What separates Rombaut from these designers is that his practice is rooted in commercial industry. Rather than existing as concepts or pointed experimentation, his products sit within the framework of luxury fashion and, so far, consumers and retailers have shown confidence in the brand. Sales rose 40 per cent last season and Rombaut’s designs have been bought by Parisian concept store L’Eclaireur, Harvey Nichols Hong Kong, and cult Antwerp boutique Coccodrillo, amongst others. In London, Rombaut will soon be available for the first time at east London retailer
LN-CC with his autumn/winter 2015 collection, a considerable feat considering the exclusive nature of the store and the selective buying style of its founder John Skelton.

The calibre of Rombaut’s retailers places his brand firmly in the higher contemporary-luxury segment. Nevertheless, he wants to appeal to as broad a customer range as possible, something made difficult by the presence of major brands such as Adidas and Nike. “Without those, my growth might be bigger. Everyone in fashion wears their sneakers. It’s a trend,” he says. “They sell Raf Simons collaborations at the same price 
as my shoes, but my shoes are made in Portugal, while theirs are made in China. Their margins are much higher and for a customer the choice is easily made.” Rombaut’s trainers initially fell in the €600-€800 price bracket (about £430-£570), but it became clear that this was uncompetitive, particularly when you consider that eco-friendly shoes have a shorter shelf life than more affordable leather ones.

On online retailer Farfetch, the majority of Rombaut’s shoes now sell for between €300 and €600. “I used to make derbies more, but I noticed that I sold more sneakers so I started to make only those,” he says. “I didn’t make any crazy shoes this season, but some new models – like sandals – that are more basic, more wearable. That’s the part of the business I want to grow.”

Even so, Rombaut has stayed true to his initial concept. “I knew from the beginning that I wanted to do this super-niche thing,” he says. “In my first two collections I used a lot of tree bark, treated with rubber, and emphasised the vegan qualities of the materials I use. I still use them, but talk about it less, as it seems to turn some people off.” He starts to laugh. “The smell of tree bark is pretty strong. People are reluctant to buy it!”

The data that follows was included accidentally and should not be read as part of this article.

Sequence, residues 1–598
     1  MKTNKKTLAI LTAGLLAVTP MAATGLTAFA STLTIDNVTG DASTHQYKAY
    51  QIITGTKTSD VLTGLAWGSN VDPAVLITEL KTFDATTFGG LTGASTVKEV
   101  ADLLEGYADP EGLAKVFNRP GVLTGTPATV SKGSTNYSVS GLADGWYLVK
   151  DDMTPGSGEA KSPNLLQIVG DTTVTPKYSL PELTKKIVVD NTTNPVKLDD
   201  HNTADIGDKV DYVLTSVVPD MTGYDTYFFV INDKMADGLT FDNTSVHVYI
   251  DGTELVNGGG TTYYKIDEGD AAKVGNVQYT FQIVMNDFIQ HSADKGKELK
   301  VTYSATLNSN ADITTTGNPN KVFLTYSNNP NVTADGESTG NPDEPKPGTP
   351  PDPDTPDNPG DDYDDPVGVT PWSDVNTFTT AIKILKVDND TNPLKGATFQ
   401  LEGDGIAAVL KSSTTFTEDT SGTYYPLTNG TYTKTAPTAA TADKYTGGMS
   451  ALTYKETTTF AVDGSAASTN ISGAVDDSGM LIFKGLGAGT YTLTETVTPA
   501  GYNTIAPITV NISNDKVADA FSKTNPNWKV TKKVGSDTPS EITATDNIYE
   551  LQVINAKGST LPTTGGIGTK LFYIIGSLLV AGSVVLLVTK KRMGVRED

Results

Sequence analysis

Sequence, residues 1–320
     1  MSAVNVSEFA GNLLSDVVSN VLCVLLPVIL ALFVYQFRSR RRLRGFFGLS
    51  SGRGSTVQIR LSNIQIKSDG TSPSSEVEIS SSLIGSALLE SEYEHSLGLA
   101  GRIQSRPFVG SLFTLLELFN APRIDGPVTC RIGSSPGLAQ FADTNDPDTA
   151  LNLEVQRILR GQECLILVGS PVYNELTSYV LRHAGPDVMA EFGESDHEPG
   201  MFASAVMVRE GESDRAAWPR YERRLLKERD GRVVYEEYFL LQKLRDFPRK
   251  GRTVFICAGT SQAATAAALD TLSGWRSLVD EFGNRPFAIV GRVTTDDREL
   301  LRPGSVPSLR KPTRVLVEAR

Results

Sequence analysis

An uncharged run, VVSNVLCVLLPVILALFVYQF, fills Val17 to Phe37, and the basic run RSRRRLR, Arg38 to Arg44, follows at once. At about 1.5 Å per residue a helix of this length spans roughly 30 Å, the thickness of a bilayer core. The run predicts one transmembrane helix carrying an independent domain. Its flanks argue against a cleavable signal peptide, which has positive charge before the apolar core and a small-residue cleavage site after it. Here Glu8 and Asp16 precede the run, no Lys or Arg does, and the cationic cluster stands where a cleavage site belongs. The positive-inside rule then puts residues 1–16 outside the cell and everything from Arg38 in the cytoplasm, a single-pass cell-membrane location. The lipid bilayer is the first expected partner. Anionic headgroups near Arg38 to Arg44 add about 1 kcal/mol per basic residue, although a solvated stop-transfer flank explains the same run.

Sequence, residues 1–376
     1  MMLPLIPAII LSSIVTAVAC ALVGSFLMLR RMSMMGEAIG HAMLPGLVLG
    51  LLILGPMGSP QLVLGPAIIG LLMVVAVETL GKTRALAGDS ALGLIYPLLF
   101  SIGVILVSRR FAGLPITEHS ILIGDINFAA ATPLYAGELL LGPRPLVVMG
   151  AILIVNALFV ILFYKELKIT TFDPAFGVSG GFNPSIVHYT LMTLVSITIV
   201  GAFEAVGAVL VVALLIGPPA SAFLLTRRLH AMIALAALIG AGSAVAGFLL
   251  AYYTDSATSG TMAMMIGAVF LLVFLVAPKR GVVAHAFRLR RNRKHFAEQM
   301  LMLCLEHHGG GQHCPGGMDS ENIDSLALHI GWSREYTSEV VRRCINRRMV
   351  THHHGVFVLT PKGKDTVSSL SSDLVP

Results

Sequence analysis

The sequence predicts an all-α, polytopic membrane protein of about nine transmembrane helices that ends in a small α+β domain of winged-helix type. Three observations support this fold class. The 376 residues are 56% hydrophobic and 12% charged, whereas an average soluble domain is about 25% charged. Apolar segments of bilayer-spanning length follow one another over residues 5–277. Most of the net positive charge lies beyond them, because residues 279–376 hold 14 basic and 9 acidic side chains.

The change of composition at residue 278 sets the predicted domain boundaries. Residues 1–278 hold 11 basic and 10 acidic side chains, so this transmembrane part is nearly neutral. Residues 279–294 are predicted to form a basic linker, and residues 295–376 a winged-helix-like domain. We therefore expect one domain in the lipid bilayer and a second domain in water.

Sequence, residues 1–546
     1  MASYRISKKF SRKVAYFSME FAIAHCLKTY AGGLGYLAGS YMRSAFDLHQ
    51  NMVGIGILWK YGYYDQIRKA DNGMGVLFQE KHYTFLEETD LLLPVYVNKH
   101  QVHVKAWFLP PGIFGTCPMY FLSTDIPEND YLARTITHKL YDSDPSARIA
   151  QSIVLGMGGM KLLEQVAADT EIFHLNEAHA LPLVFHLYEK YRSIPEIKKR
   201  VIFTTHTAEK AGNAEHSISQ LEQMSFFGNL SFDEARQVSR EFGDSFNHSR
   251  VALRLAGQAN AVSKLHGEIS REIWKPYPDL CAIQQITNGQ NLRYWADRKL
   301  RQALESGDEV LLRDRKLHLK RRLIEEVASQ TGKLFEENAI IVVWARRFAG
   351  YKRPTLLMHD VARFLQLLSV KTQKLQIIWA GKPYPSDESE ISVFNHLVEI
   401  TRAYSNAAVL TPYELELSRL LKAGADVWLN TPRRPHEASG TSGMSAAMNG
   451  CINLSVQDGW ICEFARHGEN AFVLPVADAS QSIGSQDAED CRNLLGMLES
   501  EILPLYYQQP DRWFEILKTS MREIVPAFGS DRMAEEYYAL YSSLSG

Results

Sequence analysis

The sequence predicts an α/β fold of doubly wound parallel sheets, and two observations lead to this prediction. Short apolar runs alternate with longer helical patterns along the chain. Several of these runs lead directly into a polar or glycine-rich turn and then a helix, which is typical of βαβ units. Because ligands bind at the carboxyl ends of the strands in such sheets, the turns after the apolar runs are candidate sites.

Such considerations led to a partial rethink of his approach. Rombaut still works with plant-based materials, but now uses his signature tree bark more sparingly. “Some of my first shoes in tree bark ripped after a while,” he says. “But this is what happens when you are doing something experimental. Now I’m much more careful than before. You can wear them with no problems.” He now often incorporates cork into the natural rubber soles of the shoes – his own material development – and, in place of the more common polypropylene carbonate (PPC), he uses polyurethane (PU), a polymer that is less toxic, biodegrades faster and leaves fewer harmful traces in the environment.

Unlike the majority of his peers, Rombaut didn’t formally train in design. He studied Business Administration and Management, first in Ghent and later in Barcelona, and his background is in development and production – areas he worked in at Paris-based fashion brands Lanvin and Damir Doma. “I learned so much by working with the factories,” he says. “You end up knowing more about what is realistic than the designer does. That was a great experience, but at some point I felt like I just couldn’t learn much more. And I was working with leather so much that I just wanted to do
my own thing. Most vegan shoes on the market are pretty ugly. That’s why I started making my own.”